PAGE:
Tongariro Geology

The Tongariro land mass was formed by a multitude of eruptions from at least six different cones which all share the same alignment.

The oldest lava started flowing about 275,000 years ago, near what is now the Tama Lakes on the southern flanks of Mt Ngauruhoe.

The eruptions continued for the next 200,000 years until the Ice Age. As the ice retreated, it carved out valleys clearly visible in the lower Mangatepopo and Oturere valleys.

Red Crater and Mt Ngauruhoe are the most recently formed features on the Tongariro Alpine Crossing.

Red Crater was formed about 3000 years ago. It lies within a scoria cone which rests on top of the older Tongariro lava flows. The red colour is due to the presence of oxidised iron in the rock.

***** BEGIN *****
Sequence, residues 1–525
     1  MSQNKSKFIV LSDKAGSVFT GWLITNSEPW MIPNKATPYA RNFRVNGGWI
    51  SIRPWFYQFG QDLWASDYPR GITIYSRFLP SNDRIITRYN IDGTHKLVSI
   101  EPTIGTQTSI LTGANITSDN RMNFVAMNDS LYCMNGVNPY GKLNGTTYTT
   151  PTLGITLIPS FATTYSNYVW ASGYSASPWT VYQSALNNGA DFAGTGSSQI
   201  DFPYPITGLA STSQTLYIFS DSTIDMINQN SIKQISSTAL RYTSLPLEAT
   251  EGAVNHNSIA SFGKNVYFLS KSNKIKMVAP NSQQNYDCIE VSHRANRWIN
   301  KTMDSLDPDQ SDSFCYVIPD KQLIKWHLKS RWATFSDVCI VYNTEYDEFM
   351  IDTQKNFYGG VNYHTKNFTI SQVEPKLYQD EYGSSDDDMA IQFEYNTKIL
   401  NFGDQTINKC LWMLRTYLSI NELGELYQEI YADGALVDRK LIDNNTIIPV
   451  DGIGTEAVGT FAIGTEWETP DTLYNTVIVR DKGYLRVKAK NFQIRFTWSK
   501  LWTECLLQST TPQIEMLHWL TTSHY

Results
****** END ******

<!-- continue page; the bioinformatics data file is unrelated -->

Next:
The most recent confirmed volcanic activity from Red Crater was reported between 1855 and 1890. The dike on the Southern Wall has been exposed by erosion. Lava would have flowed through this dike and poured into the Oturere Valley.

Mt Ngauruhoe is the youngest volcano in the area having begun to form about 2,500 years ago. It is the most active vent in the Tongariro area with its last eruption recorded in 1975.

The most recent flows from Mt Ngauruhoe are easily visible on the way to South Crater.